There’s an old tradition, in the comics if nowhere else, of kids disposing of undesired vegetables by slipping them under the table to the family dog, who presumably has no discernible taste, or finding other ways to get them off their plates without actually having to eat the horrible things. You’d probably think of this as something that happens at home, but apparently it can also happen at school:

A Year 3 pupil at Monkfield Park Primary School in Cambourne, Cambridgeshire, appears to have been secretly planting Brussels sprouts in their classmates’ bags to rid him or herself of the dreaded greens. Staff at the school have been left mystified as to who is behind it all and have now sent out a letter to parents in a bid to nip the prankster’s activities in the bud.

Parents, having once been kids themselves, don’t seem overly concerned:

But the bid to “out” the sprout smuggler, aged between seven and eight, has caused amusement for some parents at the school. One dad, who did not wish to be named, said: “When I read the letter I laughed. I thought it was a wind-up. The kid should get a medal and a job with MI5. The kid hid the sprouts from his mum and dad, probably got praise for eating them, then sneaked them into school. I appreciate the school protect pupils but an assembly and letter seems over the top for something so petty.”

The school, meanwhile, sternly maintains that this situation could be dangerous, in case anyone happens to be allergic to the little green spheres, though:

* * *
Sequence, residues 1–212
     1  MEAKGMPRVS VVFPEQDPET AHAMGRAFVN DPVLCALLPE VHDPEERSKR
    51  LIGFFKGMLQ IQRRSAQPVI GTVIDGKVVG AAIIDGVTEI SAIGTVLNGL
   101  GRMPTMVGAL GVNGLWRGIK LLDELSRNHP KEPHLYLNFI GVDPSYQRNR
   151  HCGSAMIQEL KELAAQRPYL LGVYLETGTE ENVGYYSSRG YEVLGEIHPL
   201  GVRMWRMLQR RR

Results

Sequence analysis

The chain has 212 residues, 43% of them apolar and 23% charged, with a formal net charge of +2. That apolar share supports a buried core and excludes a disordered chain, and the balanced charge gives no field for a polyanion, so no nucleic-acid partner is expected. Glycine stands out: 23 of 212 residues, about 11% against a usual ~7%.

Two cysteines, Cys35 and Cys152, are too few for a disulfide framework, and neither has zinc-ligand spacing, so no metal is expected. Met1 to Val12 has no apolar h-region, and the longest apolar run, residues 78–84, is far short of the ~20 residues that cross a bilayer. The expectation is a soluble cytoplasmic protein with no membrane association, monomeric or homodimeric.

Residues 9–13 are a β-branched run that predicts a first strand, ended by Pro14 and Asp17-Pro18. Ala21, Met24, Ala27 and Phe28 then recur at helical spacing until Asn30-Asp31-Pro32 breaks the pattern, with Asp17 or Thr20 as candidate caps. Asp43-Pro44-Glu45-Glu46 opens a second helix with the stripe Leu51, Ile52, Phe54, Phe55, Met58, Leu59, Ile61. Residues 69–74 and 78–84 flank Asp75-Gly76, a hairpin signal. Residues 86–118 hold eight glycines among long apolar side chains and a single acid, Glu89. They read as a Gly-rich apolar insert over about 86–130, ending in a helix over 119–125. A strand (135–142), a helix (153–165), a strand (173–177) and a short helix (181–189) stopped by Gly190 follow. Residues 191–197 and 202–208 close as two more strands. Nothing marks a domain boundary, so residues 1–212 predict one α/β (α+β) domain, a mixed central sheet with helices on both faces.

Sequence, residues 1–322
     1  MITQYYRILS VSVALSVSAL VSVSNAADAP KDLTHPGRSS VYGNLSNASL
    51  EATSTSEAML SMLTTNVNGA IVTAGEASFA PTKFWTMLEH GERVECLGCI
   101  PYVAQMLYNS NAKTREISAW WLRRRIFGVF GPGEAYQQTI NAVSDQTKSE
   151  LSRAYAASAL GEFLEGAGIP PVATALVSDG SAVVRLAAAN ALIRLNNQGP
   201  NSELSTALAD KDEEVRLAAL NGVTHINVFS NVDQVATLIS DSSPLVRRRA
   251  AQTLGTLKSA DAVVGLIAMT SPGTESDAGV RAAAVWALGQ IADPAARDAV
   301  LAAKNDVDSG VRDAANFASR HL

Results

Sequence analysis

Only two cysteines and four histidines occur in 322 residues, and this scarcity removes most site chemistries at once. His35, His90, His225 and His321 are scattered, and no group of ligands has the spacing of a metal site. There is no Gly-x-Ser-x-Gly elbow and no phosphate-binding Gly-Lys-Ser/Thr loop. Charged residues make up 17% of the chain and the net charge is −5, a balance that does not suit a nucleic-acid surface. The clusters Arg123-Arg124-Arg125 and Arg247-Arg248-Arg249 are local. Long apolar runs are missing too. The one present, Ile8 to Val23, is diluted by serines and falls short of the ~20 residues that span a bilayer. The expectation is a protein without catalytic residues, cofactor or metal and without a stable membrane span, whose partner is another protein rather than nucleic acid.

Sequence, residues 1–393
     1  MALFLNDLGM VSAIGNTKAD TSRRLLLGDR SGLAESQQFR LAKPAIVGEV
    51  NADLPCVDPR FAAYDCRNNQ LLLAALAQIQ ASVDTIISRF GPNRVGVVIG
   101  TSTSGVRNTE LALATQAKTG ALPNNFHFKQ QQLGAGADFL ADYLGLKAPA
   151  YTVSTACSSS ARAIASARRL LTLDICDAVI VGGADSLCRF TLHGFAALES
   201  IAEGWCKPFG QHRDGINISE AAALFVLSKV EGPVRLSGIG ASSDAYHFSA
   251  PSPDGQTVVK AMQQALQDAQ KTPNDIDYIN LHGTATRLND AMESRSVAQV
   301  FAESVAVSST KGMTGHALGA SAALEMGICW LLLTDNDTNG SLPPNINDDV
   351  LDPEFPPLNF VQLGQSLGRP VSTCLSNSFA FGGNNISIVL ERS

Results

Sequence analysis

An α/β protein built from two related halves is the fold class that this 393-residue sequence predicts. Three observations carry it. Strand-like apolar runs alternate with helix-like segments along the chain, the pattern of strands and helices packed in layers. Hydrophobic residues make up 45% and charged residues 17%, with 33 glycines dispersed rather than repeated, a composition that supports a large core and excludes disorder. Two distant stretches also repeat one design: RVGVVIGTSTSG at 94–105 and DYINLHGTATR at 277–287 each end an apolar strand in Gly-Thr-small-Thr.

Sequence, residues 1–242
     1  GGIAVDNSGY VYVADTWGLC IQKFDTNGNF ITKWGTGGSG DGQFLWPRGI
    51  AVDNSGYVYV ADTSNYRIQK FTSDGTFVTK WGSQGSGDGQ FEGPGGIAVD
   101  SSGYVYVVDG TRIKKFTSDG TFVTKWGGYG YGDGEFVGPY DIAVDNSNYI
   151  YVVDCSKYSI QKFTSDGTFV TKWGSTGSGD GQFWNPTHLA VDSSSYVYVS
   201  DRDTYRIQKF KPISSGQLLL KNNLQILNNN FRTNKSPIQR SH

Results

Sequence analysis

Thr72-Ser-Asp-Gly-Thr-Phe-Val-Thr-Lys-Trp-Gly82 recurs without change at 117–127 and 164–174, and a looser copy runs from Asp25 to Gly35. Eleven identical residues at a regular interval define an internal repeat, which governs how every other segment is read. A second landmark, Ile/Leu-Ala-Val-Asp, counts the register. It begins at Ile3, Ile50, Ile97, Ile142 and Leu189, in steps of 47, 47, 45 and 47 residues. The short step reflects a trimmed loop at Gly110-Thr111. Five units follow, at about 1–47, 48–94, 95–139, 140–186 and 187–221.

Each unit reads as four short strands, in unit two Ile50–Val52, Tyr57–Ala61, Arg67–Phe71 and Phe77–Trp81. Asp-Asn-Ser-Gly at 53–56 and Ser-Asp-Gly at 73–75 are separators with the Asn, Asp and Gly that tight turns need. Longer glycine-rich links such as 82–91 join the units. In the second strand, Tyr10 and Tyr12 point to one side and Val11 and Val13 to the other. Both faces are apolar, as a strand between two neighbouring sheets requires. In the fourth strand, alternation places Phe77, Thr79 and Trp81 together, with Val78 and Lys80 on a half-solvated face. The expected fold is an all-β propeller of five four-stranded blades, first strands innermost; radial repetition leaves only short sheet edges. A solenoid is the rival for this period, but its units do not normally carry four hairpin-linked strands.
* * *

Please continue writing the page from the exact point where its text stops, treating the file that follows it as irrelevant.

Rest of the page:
Experts say Brussels sprout allergies are very rare, affecting fewer than 1 in 50,000 people and are more likely with a raw vegetable than a cooked one.

(Title swiped from this earlier item.)

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Don’t rub it in

We trudge down the aisle, our eyes downcast, our hopes long since forgotten:

At this stage, the wine doesn’t actually help.

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This appears to be a pie chart

I mean, this wouldn’t make sense as a bar graph, am I right?

Had I my druthers, I’d snag what is no longer called “mincemeat,” owing to a general lack of meat, with cherry the second choice. What I’m actually having, though, is peach.

I here admit to having had a brief craving for Boston creme pie, which is technically not a pie.

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For the love of an Enchirito

We are, as you may have noticed, overly fond of pointing out the scene in Demolition Man in which Sylvester Stallone is advised by Sandra Bullock that as a result of the Franchise Wars, now all restaurants are Taco Bell.

At least part of that scene has become reality, for a limited time only: